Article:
You've heard many people say "I don't need to go to training class, my dog behaves beautifully in the yard." Well, what happens when that owner is walking the dog down the street and they encounter another dog? Or, when they are at the vets office and that well behaved dog suddenly becomes terrified when confronted with all those other dogs and cats? What's happening? The dog was not "socialized". In other words, it was not taught to behave around other animals in a variety of situations.

One way to help puppy with social skill is puppy directions, share, play nicely and learn the alphabet. Puppy kindergarten is basically the same. Puppies learn to listen to their owners, not growl when a toy is taken away, become accustomed to strangers and other puppies, strange objects such as umbrellas and folding chairs. They also learn a few basic commands such as come and stay in a loving, reassuring manner. In other words, they learn social skills.

These social skills create mentally "sound" dogs. Because they have been exposed to a variety of situations, slowly and lovingly, they are stable in just about any situation. Imagine a dog about a year old that has lived in a very quiet house and/or neighborhood. Everytime the garbage trucks come down the street the dog barks frantically and tears around the house. At the vet's office it tucks it's tail between it's legs and growls at other dogs. It shies away from the vet. One day construction starts on the empty lot next door. The tailgate of the dumptruck slams shut with a loud resounding "BANG!" The puppy takes off like a shot, hiding behind the sofa, shaking fiercely and wets on the floor. Because of it's reaction, the owner decides to take the dog to obedience school. Because this dog hasn't seen another dog since it was a baby puppy, all it want's to do charge the other dogs. Frustrated because of the dog's lack of attention and seeming inability to learn, the owner drops out of school ... then several months later, the dog ends up in the pound, unwanted and terrified.

If this dog has been properly socialized, in all likelihood none of the above would have happened. Study after study has shown that properly socialized puppies are easier to train. We all know that a well behaved dog is a lot easier to love. While you cannot prepare a dog for everything that will happen in it's life, you can teach it to not be fearful. If you start early and work hard with a lot of love and kindness you will end up with a dog that you can take anywhere.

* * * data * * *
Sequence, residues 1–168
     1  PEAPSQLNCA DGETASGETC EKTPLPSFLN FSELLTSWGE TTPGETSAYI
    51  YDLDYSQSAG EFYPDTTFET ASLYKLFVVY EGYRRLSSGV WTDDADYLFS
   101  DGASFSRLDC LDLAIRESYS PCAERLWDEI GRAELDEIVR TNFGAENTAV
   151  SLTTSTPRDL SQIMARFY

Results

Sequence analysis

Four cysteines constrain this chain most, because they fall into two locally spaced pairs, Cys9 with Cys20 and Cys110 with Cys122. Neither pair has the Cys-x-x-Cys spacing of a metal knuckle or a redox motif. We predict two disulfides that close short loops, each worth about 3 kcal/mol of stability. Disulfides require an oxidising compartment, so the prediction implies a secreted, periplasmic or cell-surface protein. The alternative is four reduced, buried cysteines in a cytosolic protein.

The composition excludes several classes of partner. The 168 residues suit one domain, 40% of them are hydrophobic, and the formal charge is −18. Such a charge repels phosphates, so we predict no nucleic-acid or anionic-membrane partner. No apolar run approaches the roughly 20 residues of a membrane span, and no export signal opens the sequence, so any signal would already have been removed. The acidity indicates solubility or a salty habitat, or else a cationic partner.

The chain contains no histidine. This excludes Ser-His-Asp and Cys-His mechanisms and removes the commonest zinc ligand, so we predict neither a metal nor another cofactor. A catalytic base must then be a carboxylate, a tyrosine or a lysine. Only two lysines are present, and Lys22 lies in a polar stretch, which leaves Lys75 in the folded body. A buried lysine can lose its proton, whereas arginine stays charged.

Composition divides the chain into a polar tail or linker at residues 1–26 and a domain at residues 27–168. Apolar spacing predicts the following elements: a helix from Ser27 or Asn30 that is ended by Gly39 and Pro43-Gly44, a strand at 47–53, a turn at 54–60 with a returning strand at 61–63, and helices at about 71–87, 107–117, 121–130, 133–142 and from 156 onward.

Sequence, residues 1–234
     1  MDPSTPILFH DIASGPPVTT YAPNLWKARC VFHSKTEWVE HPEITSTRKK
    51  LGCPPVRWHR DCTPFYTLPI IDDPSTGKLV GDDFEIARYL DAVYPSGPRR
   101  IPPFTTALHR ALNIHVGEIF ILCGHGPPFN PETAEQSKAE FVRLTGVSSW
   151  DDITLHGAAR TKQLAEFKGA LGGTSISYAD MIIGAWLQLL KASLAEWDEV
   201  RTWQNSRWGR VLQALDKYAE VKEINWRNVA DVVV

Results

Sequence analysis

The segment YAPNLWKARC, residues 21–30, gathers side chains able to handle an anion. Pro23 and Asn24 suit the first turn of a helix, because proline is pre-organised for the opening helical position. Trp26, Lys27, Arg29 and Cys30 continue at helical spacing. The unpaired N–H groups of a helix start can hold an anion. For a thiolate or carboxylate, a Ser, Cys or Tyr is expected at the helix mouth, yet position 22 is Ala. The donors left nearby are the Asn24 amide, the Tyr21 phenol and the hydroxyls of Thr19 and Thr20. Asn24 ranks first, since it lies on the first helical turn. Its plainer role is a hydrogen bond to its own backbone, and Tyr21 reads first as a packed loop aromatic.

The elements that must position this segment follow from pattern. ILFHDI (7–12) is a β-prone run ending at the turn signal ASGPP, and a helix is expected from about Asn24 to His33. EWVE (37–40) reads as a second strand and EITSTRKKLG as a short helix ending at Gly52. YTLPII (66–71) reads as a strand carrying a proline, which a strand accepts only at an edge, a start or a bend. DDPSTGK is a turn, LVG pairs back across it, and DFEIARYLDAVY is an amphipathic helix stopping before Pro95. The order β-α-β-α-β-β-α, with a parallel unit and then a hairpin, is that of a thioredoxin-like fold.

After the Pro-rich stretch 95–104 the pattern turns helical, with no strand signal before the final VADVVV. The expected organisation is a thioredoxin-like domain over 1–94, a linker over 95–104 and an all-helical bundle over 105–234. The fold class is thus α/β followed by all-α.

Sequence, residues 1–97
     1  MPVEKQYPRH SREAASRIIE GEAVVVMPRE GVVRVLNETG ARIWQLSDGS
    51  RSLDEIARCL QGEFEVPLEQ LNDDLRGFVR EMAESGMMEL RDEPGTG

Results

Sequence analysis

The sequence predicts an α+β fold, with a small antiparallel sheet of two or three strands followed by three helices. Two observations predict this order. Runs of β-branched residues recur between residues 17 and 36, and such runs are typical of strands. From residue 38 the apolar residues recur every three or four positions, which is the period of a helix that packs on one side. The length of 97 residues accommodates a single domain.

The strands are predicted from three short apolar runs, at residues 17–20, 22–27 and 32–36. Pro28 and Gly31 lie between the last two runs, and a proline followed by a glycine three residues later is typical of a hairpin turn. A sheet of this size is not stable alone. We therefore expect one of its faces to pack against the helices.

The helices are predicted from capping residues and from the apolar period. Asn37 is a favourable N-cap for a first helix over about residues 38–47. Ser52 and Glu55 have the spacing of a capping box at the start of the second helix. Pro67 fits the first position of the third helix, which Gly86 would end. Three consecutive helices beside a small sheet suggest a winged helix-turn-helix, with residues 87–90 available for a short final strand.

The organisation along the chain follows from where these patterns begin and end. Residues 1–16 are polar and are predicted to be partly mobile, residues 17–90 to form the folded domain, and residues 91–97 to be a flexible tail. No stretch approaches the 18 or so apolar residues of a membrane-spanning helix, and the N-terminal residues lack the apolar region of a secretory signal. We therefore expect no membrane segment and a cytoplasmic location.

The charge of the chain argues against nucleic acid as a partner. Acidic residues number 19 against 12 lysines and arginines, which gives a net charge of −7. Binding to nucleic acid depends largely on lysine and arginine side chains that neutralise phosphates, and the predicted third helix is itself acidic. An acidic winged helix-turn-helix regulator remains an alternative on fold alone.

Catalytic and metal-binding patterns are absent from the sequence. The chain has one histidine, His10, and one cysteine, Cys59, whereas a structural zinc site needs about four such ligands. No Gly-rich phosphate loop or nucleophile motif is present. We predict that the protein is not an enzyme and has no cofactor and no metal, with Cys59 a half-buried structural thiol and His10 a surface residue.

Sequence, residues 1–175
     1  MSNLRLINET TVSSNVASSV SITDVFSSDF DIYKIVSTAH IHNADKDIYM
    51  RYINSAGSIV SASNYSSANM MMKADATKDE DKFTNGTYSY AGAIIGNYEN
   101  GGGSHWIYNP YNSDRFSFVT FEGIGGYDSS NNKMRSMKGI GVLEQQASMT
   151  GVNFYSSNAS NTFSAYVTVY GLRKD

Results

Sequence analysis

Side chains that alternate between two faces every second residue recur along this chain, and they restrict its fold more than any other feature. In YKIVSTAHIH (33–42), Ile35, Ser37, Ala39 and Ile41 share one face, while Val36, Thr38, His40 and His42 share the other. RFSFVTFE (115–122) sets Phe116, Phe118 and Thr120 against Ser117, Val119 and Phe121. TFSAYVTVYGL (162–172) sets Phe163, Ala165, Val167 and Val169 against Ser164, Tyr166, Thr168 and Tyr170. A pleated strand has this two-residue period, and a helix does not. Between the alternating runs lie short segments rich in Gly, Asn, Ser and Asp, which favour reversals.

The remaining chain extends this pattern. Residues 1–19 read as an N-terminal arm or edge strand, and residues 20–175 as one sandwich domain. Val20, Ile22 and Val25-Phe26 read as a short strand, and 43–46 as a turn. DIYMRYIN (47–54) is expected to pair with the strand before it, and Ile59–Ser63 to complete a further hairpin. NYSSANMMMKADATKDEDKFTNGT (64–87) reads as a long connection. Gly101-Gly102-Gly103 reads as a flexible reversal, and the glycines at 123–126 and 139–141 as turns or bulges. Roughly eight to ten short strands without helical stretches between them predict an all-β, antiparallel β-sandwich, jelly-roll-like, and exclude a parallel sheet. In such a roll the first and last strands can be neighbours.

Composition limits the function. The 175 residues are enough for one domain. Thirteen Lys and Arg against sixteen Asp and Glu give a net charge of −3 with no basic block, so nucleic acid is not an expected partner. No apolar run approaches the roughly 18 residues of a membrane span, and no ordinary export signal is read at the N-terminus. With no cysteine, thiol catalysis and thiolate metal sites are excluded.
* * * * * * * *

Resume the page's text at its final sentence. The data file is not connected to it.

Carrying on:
Puppy kindergarten classes are usually held by clubs/trainers that also offer regular obedience classes. These classes are very structured with very specific rules such as: puppies must have proof of vaccination (prevents spread/outbreak of disease) and be a certain age/weight (so you don't have 9 month/90 pound puppies playing with a 3 month/30 pounder!)

To locate a class in your area, talk with your vet. He is a wonderful source of information. Ask if he knows of any dog clubs or dog training clubs in your area. Dogs clubs/training clubs can sometimes be difficult to locate as the members are volunteers and the organizations are non-profit. This means that their phone numbers normally aren't listed in the phone book. But, many will run ads in the paper (usually Sunday) announcing the start of obedience classes. Watch for Dog Show or Match announcements. These can also help you track down a "Kennel Club".

While you are sitting in your vet's waiting room, ask the owners of other puppies or dogs if they know of any good trainers. Check the newspapers under the animals for sale column or your local yellow pages. Classes, though sometimes are to find, are out there and lots of fun - track one down for your puppy's mental health - it's well worth it.


Come Puppy Come!

By Frank and Carol Winnert

Come Puppy, Come! may be the most important lesson you ever teach the new canine member of your family, as it could save its life. A really consistent response to the command can remove the dog from dangerous circumstances, such as oncoming cars or a threatening dog.

This lesson needs to be taught at a very early age, and probably is most easily learned at that point in the puppys development. Begin as soon as the puppy begins tottering around. Its a good time to teach him his name as well as to come. Sit on the floor and call the puppy in a warm and welcoming manner. If he doesn't come at once, lure him with a small treat of food. And, when he arrives in front of you, offer immediate hugs and lots of praise. Make every trip to you a positive reinforcement of the command.

Be sure that the puppy responds EVERY time you give the command. If he chooses to ignore you, first try the food lure and as a last resort, physically have someone bring him to you. Consistency is the important factor. He needs to understand that COME means every time!NEVER use negative reinforcement when training a puppy to come. If he has done something naughty, carry him to the scene, but don't call him and then punish him when he comes. Hell soon learn that COME can be negative.